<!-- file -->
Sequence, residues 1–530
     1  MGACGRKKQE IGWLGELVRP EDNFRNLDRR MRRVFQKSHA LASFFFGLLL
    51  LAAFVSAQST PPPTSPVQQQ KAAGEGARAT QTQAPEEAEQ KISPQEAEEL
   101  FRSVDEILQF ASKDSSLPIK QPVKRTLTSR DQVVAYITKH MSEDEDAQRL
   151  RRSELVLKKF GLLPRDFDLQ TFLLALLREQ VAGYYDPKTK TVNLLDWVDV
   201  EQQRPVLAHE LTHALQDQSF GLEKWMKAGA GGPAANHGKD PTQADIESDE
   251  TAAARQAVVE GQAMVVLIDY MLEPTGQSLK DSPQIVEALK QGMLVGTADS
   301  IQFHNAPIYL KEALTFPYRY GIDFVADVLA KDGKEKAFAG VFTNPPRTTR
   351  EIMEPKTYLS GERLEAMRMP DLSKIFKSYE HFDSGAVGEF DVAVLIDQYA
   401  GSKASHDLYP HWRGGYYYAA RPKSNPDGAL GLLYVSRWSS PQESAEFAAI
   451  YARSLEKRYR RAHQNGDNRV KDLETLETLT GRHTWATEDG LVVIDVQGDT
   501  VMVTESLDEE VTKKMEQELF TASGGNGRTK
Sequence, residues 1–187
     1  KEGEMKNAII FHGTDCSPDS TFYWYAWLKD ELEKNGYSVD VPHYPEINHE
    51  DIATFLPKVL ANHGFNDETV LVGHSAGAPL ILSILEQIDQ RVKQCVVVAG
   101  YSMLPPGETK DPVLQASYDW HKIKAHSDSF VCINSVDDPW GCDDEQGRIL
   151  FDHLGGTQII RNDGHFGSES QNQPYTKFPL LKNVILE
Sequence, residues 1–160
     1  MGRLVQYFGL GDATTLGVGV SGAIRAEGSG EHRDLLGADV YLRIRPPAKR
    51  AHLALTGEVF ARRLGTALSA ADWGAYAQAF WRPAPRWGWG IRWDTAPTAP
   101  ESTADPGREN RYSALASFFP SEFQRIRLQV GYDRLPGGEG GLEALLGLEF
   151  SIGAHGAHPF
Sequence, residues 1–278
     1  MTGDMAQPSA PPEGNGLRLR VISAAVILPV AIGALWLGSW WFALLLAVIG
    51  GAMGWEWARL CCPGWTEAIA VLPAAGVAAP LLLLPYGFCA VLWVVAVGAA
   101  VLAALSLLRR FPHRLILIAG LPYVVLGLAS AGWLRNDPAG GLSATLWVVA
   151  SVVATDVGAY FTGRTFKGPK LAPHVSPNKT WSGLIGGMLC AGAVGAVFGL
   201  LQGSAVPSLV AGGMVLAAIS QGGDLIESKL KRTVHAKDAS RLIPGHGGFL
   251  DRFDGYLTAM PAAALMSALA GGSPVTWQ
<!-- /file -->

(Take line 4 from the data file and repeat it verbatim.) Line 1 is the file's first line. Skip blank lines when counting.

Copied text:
   101  FRSVDEILQF ASKDSSLPIK QPVKRTLTSR DQVVAYITKH MSEDEDAQRL